Europe is one of the seven traditional continents of Earth. Being the western-most peninsula of Eurasia, it is bounded to the north by the Arctic Ocean, to the west by the Atlantic Ocean, to the south by the Mediterranean Sea, to the southeast by the Caucasus Mountains, the Black Sea and the waterways connecting the Black Sea to the Mediterranean. To the east, Europe is generally divided from Asia by the water divide of the Ural Mountains, the Ural River, and by the Caspian Sea.
Europe is the world's second-smallest continent in terms of area, covering about 10,180,000 square kilometers (3,930,000 sq mi) or 2% of the Earth's surface. Of Europe's 48 countries, Russia is the largest by both area and population, while the Vatican is the smallest. Europe is the third most populous continent after Asia and Africa with a population of 710,000,000 or about 11% of the world's population.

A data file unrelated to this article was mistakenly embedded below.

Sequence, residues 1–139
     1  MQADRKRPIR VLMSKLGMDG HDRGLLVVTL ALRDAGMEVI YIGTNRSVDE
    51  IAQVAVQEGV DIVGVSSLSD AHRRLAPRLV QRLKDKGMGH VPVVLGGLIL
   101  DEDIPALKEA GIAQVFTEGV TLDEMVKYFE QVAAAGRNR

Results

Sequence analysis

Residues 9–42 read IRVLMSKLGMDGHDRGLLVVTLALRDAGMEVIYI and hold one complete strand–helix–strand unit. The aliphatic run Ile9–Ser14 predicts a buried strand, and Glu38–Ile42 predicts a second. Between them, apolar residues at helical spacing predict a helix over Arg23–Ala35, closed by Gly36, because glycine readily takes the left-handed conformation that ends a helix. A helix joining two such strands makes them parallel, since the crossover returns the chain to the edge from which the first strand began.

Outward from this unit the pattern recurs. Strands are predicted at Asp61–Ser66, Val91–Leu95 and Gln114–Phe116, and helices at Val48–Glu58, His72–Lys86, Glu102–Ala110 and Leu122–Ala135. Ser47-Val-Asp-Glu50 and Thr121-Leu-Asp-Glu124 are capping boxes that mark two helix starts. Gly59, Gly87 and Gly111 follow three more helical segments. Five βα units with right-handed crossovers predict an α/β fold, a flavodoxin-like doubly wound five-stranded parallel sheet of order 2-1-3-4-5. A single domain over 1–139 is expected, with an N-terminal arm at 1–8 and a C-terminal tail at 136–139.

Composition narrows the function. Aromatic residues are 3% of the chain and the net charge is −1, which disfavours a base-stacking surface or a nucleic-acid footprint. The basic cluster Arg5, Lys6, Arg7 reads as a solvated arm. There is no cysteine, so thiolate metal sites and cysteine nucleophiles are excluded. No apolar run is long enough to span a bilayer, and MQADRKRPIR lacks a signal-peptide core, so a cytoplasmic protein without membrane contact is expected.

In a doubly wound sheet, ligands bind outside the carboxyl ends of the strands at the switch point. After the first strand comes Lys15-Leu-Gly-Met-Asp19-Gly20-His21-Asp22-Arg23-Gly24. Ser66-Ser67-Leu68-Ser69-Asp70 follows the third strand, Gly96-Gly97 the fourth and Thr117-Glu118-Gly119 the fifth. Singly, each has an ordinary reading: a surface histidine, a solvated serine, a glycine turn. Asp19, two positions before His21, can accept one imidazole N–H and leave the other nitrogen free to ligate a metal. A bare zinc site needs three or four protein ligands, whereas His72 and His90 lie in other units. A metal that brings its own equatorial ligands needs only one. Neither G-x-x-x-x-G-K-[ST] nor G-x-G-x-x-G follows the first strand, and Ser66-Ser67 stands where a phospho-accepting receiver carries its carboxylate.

Europe is the birthplace of Western culture. European nations played a predominant role in global affairs from the 16th century onwards, especially after the beginning of colonization. By the 17th and 18th centuries European nations controlled most of Africa, the Americas, and large portions of Asia. World War I and World War II led to a decline in European dominance in world affairs as the United States and Soviet Union took prominence. The Cold War between those two superpowers divided Europe along the Iron Curtain. European integration led to the formation of the Council of Europe and the European Union in Western Europe, both of which have been expanding eastward since the fall of the Soviet Union in 1991.